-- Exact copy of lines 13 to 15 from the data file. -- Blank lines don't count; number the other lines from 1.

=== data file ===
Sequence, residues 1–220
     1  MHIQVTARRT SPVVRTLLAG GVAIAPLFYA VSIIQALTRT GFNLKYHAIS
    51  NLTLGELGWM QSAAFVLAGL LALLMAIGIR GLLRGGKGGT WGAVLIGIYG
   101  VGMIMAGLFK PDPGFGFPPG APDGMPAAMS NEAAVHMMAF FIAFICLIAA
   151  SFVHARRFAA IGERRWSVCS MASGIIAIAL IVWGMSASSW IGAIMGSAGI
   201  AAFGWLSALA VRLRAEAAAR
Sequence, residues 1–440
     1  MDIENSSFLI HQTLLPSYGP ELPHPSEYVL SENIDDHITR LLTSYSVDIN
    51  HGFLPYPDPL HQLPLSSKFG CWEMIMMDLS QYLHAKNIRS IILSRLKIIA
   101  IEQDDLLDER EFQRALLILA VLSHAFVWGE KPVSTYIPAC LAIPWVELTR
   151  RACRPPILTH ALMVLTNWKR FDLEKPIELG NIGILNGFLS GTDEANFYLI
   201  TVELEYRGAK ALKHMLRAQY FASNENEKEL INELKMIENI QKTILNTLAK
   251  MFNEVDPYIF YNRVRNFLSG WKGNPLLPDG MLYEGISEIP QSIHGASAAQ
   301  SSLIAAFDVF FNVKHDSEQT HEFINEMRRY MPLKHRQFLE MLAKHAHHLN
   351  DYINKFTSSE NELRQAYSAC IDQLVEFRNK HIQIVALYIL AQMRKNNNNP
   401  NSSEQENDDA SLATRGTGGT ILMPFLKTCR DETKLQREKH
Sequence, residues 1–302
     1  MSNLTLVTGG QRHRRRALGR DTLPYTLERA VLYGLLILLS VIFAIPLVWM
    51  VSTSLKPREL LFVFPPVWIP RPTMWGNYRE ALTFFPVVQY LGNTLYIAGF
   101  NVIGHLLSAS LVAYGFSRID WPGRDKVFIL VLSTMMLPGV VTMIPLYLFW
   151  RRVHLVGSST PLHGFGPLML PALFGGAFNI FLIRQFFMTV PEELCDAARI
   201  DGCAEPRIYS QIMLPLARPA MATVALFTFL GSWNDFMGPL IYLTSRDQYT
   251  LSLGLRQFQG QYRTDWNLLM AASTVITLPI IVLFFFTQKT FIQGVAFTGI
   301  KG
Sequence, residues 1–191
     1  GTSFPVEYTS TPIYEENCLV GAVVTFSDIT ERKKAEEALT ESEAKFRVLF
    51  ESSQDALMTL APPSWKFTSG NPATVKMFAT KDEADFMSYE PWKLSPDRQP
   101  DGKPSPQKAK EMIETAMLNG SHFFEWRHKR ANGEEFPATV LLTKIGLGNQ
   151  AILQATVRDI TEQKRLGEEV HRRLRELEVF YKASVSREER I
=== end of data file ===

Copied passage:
   251  MFNEVDPYIF YNRVRNFLSG WKGNPLLPDG MLYEGISEIP QSIHGASAAQ
   301  SSLIAAFDVF FNVKHDSEQT HEFINEMRRY MPLKHRQFLE MLAKHAHHLN
   351  DYINKFTSSE NELRQAYSAC IDQLVEFRNK HIQIVALYIL AQMRKNNNNP